You download the Tile A version of the plans and print them out on standard computer paper. On the plans there is most always a key layout that shows you how the pages go together (usually shown as a bunch of boxes with numbers in them...the numbers represent the page/tile number). Cut and tape the plans together according to the key layout. Lay the taped plans over the foamboard and start cutting. You can tape the plans to the foamboard, pin it, or some even use a light spray adhesive.

You generally are looking at a total of 8 sheets of paper per sheet of foamboard...2 rows, 4 sheets of paper per row.
Okay, yeah, that was one of my thoughts, I'll take a look into it!
 

evranch

Well-known member
#10
After I spend all the time cutting and taping the plans together, I like to save them if I want to make another plane. If you put a layer of packing tape over the lines, you can use a ballpoint pen to trace through them onto your foamboard without having to cut your plans. It makes score lines in the foam that are pretty easy to follow.

This also works for a laminated larger print. Honestly if you are near a shop like Staples you can get them to print and laminate the full size plan for under $10 and save the tedious part of the job.
 

Hoomi

Well-known member
#11
Welcome! When you are ready to try flying, look for a local club in your area. Most have members who are skilled at helping new pilots learn to fly, and can make that first experience much more enjoyable and successful. It's also more fun to hang around the flying field, and see what (and how) others are flying. While this hobby can certainly be enjoyed solo (and I've enjoyed many flying sessions at the field all by myself), the right club can take the enjoyment to a much greater level.
 
#12
Welcome! When you are ready to try flying, look for a local club in your area. Most have members who are skilled at helping new pilots learn to fly, and can make that first experience much more enjoyable and successful. It's also more fun to hang around the flying field, and see what (and how) others are flying. While this hobby can certainly be enjoyed solo (and I've enjoyed many flying sessions at the field all by myself), the right club can take the enjoyment to a much greater level.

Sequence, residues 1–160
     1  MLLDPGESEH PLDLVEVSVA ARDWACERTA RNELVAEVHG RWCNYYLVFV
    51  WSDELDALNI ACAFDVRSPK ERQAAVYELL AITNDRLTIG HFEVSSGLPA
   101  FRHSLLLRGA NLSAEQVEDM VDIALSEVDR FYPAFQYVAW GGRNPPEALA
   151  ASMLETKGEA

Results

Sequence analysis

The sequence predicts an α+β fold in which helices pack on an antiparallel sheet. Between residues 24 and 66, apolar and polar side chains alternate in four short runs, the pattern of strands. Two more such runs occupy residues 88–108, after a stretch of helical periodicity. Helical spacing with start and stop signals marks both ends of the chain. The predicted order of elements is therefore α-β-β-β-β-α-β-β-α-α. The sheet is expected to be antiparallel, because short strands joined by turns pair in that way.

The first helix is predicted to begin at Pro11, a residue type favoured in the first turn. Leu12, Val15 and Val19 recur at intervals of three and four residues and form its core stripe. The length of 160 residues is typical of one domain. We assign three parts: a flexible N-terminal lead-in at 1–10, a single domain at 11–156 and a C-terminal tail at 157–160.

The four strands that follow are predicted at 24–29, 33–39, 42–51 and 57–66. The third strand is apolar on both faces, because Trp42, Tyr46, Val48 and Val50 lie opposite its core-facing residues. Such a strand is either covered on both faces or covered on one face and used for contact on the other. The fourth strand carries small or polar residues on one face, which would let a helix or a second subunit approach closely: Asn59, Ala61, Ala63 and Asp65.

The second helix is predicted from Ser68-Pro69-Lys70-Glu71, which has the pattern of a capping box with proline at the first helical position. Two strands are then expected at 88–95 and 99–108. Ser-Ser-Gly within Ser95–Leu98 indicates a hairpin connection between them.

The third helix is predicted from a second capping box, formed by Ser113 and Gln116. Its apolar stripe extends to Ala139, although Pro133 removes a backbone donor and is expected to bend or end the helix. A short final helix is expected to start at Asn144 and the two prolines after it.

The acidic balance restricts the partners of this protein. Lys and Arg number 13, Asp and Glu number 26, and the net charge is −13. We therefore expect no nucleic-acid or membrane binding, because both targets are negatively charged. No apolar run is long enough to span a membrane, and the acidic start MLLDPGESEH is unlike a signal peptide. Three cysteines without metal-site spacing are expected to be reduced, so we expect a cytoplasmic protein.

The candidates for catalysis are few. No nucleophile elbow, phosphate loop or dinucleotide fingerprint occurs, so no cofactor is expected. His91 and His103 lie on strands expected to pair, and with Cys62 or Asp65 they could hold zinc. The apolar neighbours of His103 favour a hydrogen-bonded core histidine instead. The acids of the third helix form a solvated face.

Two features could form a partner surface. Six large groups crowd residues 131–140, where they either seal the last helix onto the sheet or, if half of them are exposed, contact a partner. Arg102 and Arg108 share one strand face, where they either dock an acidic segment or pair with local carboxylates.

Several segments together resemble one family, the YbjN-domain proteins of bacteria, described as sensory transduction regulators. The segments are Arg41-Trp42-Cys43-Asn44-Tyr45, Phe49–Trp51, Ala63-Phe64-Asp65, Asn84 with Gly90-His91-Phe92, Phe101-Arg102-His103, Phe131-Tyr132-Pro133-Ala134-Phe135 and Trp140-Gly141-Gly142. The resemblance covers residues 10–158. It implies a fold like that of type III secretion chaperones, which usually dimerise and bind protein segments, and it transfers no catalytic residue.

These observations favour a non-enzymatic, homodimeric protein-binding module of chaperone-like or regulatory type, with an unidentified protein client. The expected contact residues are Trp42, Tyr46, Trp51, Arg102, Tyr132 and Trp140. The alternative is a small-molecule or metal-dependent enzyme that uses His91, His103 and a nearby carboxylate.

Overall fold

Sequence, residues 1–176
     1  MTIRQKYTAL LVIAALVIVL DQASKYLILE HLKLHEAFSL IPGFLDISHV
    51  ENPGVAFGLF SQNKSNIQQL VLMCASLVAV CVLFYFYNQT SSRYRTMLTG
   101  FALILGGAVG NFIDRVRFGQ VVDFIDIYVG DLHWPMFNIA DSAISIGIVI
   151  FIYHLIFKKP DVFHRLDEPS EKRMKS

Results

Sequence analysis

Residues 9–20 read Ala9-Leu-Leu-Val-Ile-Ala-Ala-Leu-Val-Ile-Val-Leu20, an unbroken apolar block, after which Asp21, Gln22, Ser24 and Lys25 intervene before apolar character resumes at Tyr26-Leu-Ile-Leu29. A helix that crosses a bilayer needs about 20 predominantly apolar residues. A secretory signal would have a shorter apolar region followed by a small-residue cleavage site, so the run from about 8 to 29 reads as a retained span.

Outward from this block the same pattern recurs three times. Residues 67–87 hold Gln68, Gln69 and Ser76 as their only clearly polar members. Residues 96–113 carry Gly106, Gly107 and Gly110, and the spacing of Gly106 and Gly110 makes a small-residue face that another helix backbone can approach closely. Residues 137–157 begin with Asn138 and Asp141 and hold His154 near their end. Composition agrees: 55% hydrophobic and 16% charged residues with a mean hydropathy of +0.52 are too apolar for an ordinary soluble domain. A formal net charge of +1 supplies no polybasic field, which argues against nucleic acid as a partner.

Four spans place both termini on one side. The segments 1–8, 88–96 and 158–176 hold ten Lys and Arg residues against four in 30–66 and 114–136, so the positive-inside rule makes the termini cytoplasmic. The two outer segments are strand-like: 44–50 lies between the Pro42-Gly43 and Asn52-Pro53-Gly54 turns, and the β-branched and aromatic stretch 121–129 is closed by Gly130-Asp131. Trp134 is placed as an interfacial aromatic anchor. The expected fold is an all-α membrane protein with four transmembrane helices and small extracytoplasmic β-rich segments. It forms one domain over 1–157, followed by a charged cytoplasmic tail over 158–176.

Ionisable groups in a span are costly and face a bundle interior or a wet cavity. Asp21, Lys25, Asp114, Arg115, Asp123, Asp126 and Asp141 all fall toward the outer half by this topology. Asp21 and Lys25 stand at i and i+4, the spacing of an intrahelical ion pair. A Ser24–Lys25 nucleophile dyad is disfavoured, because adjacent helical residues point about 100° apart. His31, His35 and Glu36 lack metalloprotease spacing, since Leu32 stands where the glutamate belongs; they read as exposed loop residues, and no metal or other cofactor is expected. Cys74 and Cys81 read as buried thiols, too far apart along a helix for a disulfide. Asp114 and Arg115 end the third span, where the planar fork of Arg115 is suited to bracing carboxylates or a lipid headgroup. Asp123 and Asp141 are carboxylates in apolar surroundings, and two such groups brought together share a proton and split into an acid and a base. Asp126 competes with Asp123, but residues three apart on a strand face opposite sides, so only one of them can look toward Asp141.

Good advice! I didnt even think about looking around the area for a group.
 

K3V0

Well-known member
#13
Welcome! I spent quite a bit of time with my nose pressed against the glass watching the videos and reading what the community was doing. I’m so glad that I started to build and fly with my son! You’re all gonna have a great time!
 
#14
Oh my kids will enjoy it (and itd be a fun hobby for them to grow up with)


Most definitely. Which remidns me, when you get the plans, is there somewher eyou can take the pdf's and the boards to to print the lines on them? I was debating that to practice the building part but I've never printed anything poster size before!
If you don't have your own equipment, you can get them printed actual size at places like Staples. Treat those prints as templates, transfer to DTFB or better yet some of the FT building foam, and you are on your way. The other thing to consider if you want to try your own printing is look at getting the plans as tiled to A4 or Letter stock rather than printing the all in one (.AIO) files. This is a great way to experiment with design, size, whatever your pleasure. Welcome!